The Art of Camping:

The history and practice of

sleeping under the stars

by Matthew de Abaitua

The timing of this new release on camping couldn't be better: for many of us the kind of spare cash required for a lavish foreign holiday is currently in short supply, fuelling a kind of holidaying-at-home renaissance (a.k.a. 'stay-cations') where camping is increasingly taking a starring role. This seemingly mundane recreational pursuit is anything but - at least in terms of its roots - as this very British history of camping ably argues. De Abaitua presents both a general and a personal history of sleeping under the stars, even throwing in some practical tips right at the end for those inspired to head into the great outdoors.

boom book reviews - The Art of Camping by Matthew de Abaitua - cover image

It certainly puts a different spin on modern-day camping trips. Suddenly the kinds of rules, layouts and even fellow campers encountered in most campsites seem, well, a bit mundane in contrast to the brilliantly eccentric and idiosyncratic modes of camping and kinds of camper of yesteryear. These days, two people camping are more likely to equip themselves with a fancy five person tent constructed from polyester and fibreglass than a hand-sewn adapted parachute silk and scrap of tarpaulin to protect them from the elements; you're more likely to encounter caravans expensively bedecked with full size cooking ranges than campers huddled round campfires, where evening entertainment is more likely to consist of gazing into the gogglebox than up at the constellations.

This isn't necessarily a sentimental look back at the halcyon days of camping, however. It's a very readable history of camping as a recreational activity that's chock full of interesting nuggets. Gems include Buckminster Fuller's creation of the perfect dome tent (you know, him of the geodesic domes and futurist philosophy); the discovery that the original driving force behind the scouting movement was militaristic indoctrination intended to produce a new generation ready to fight in war; the proto-hippies of the Order of Woodcraft Chivalry, who challenged societal norms in the 1920s and 30s; and the surprising media spectacle that was Thomas Edison, William Burroughs and Henry Ford's annual camping trips. It seems fair to say that what de Abaitua doesn't know about camping through the centuries very probably isn't worth knowing.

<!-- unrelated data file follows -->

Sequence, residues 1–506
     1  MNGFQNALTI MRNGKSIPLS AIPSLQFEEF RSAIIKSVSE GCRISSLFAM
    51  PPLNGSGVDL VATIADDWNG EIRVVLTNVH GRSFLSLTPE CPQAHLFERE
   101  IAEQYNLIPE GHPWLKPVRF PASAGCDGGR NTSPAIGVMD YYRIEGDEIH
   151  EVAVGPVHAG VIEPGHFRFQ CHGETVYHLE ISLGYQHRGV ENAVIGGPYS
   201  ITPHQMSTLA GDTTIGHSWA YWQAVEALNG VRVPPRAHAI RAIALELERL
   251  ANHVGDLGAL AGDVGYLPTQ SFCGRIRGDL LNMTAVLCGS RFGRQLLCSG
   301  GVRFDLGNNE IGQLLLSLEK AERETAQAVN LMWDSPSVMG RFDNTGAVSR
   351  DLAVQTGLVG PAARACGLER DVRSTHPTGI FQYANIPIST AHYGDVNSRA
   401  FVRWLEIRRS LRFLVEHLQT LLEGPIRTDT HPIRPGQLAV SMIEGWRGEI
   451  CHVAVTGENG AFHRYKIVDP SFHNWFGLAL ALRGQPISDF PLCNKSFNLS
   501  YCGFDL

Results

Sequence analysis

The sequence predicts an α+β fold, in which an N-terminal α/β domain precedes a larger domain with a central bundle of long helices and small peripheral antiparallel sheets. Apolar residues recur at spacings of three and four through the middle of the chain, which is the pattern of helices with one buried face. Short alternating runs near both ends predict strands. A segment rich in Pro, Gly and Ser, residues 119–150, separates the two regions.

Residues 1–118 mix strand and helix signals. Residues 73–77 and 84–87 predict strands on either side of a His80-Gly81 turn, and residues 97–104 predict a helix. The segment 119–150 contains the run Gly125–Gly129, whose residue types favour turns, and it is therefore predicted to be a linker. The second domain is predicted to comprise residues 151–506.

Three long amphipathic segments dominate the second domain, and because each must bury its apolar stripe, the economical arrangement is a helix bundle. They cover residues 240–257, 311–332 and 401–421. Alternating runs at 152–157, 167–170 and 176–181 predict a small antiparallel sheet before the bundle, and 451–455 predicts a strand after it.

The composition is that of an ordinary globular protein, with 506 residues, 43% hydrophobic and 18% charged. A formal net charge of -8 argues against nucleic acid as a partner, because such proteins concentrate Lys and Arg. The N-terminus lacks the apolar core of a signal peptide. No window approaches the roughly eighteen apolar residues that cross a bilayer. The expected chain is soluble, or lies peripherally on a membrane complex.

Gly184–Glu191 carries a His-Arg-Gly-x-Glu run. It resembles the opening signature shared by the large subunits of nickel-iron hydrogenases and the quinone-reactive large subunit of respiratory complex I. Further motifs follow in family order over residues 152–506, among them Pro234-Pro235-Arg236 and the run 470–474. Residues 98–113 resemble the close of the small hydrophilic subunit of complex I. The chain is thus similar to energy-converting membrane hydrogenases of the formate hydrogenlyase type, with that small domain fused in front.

Chances are, if you're into reading about camping you might have encountered de Abaitua before: in the form of his occasional contributions on this to The Guardian; the website he has set up with his wife; or their Twitter account (follow @cathmathcamping). Camping isn't the only thing de Abaitua is about, however. Previously, he has penned a novel (The Red Men, currently being made into a film), edited cult magazine The Idler and the Film4 website, and has popped up as a talking head on some of those ubiquitous compilation programmes knocking about on the telly. He's an interesting fellow and this shines through in this book.

The organisation of all this fascinating material is one of the book's weakest points though. The book is divided into ten themed chapters covering packing and pitching, camp captains, campfires, camp activities, mystics, campsites, car camping, camping basics, tents and striking camp. However, it might have been better to focus on a particular time, or movement, or key figure for each chapter instead; as it is, the material sprawls in rather unwieldy fashion such that it can be quite tricky keeping track of who did what and when, where the same figures and movements sometimes recur in different chapters. The chapter themes seem a little bit arbitrary at times. Even though the content is fascinating, reading it can feel a bit too much like hard work.

Although it can be heavy going this is a book worth sticking with, even though it can leave you with the impression that your attempts to get away from it all are just a little bit pathetic. It'll certainly provide interesting matter to muse upon with fellow campers over the campfire on your next trip... if you manage to find yourself pitching up at one of those rare breed of campsites that allow you to make a campfire, that is.

three out of five